Encinitas to provide $75,000 in new grants to small businesses impacted by pandemic
Encinitas will contribute $75,000 to restart a community grant program for small businesses facing financial hardship due to the COVID-19 pandemic, the City Council unanimously decided Wednesday, Dec. 9.
Mayor Catherine Blakespear said the city’s small businesses are desperate for help right now, and Councilman Tony Kranz said the state’s new restrictions on business activity are likely to linger given the soaring number of virus cases in California in recent days.
“It’s having significant impacts again and I do expect it’s going to get worse before it gets better,” he said.
Facing a rapidly shrinking number of unoccupied hospital beds in California due to rising coronavirus case numbers, Gov. Gavin Newsom recently announced the state’s strictest lockdown measures since the early days of the pandemic. In San Diego County, new restrictions have shut down outdoor restaurant dining and hair salons, and restricted capacity in retail stores to 20 percent.
The $75,000 that the council plans to use to assist small business will come out of the nearly $1.9 million that Encinitas has received from state and federal governments this year to help it address the public health emergency. This is the second time the city has funded a small business grant program during the pandemic. The council previously allocated $500,000 for small businesses and gave away 200 grants, each totaling $2,500.
Any registered small business in Encinitas with 25 or fewer employees and “customer serving premises” that was forced to shut down or had to severely modify its operations due to the pandemic was eligible for those grants.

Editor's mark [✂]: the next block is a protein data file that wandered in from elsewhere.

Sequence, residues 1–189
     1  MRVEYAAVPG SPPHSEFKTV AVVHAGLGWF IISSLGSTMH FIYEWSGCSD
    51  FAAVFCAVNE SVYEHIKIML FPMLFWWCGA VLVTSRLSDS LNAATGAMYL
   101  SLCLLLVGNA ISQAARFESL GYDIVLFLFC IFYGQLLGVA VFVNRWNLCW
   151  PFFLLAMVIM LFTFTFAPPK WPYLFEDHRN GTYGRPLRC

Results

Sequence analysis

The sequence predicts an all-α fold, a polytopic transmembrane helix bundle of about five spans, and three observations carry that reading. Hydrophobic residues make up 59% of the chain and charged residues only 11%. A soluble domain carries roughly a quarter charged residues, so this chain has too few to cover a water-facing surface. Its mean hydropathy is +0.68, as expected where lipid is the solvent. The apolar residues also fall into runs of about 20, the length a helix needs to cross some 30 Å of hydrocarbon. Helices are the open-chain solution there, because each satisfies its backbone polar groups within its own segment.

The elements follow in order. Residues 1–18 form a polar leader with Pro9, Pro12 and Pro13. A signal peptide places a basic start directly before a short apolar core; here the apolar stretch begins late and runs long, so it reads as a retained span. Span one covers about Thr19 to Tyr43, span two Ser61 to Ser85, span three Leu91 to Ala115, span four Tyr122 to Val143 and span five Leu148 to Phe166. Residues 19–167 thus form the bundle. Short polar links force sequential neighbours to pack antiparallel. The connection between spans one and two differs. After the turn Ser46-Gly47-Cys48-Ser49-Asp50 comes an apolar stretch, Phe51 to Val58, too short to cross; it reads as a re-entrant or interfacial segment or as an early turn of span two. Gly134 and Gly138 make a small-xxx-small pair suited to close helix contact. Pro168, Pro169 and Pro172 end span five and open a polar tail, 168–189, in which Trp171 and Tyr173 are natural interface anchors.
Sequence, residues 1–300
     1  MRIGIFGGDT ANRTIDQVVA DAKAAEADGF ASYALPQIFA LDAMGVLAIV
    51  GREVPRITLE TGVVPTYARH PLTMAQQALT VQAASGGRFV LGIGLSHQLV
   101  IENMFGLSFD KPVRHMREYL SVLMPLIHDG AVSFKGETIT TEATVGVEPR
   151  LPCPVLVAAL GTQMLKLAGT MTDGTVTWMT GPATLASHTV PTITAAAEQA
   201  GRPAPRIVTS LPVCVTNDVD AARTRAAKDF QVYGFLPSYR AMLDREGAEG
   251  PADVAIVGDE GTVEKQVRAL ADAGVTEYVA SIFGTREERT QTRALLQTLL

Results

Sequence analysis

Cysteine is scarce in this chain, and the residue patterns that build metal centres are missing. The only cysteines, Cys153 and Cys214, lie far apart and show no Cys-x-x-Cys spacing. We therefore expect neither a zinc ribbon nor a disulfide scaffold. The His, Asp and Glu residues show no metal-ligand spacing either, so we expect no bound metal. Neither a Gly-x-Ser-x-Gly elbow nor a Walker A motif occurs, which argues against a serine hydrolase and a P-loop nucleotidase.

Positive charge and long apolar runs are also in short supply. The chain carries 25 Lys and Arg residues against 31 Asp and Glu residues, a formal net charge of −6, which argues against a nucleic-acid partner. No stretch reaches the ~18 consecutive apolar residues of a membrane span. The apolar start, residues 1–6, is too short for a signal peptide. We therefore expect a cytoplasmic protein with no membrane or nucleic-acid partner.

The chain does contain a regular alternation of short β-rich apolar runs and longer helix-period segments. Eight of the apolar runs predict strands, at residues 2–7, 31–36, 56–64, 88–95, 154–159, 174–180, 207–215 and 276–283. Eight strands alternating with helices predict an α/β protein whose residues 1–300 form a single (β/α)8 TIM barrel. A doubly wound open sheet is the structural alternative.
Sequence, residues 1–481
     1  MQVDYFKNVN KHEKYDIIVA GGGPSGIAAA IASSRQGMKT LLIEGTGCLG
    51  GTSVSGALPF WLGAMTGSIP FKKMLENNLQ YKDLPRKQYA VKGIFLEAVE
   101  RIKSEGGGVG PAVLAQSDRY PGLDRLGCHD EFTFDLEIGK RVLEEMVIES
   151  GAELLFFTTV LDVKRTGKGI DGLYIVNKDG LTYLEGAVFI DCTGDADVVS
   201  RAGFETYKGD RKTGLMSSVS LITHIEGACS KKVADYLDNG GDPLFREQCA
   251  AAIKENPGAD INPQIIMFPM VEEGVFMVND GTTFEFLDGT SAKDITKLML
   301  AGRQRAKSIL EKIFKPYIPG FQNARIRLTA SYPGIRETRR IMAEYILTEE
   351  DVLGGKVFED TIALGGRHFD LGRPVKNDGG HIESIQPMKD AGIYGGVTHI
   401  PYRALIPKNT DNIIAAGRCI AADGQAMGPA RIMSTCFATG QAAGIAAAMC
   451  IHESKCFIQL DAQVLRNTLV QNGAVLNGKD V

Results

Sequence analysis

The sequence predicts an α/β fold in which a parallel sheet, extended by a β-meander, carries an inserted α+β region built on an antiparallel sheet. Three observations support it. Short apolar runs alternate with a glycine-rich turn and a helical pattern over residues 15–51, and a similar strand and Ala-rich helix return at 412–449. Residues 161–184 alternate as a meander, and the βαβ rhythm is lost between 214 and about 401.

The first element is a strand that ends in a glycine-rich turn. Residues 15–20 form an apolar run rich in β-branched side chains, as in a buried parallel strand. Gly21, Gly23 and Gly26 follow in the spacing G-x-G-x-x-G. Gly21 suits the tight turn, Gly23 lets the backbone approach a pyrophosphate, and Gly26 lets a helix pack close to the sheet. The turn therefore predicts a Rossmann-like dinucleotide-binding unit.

The new program will be much smaller, with individual grants proposed to each total $1,500. It will be administered by The Cardiff-by-the-Sea Foundation, which has worked with the Harbaugh Foundation to collect more than $100,000 in donations this year and distributed that money as grants to needy businesses, a staff report states.
A representative for the city, plus representatives for each of the city’s three 101 Main Street organizations as well as the Chamber of Commerce will review the new grant applications. Successful applicants will not need to be members of any of those organizations, but funding priority may be given to businesses that have participated in community events, the staff report notes. Applicants must have customer-serving premises in the city and 25 or fewer employees.
Councilwoman Kellie Shay Hinze praised the Cardiff program’s recent grant operation, calling it “nimble and creative,” and Annika Walden, foundation president and executive director of the Leucadia 101 Mainstreet Association, told the council that she was “very happy and excited” to reinstate it.
— Barbara Henry is a freelance writer for The San Diego Union-Tribune
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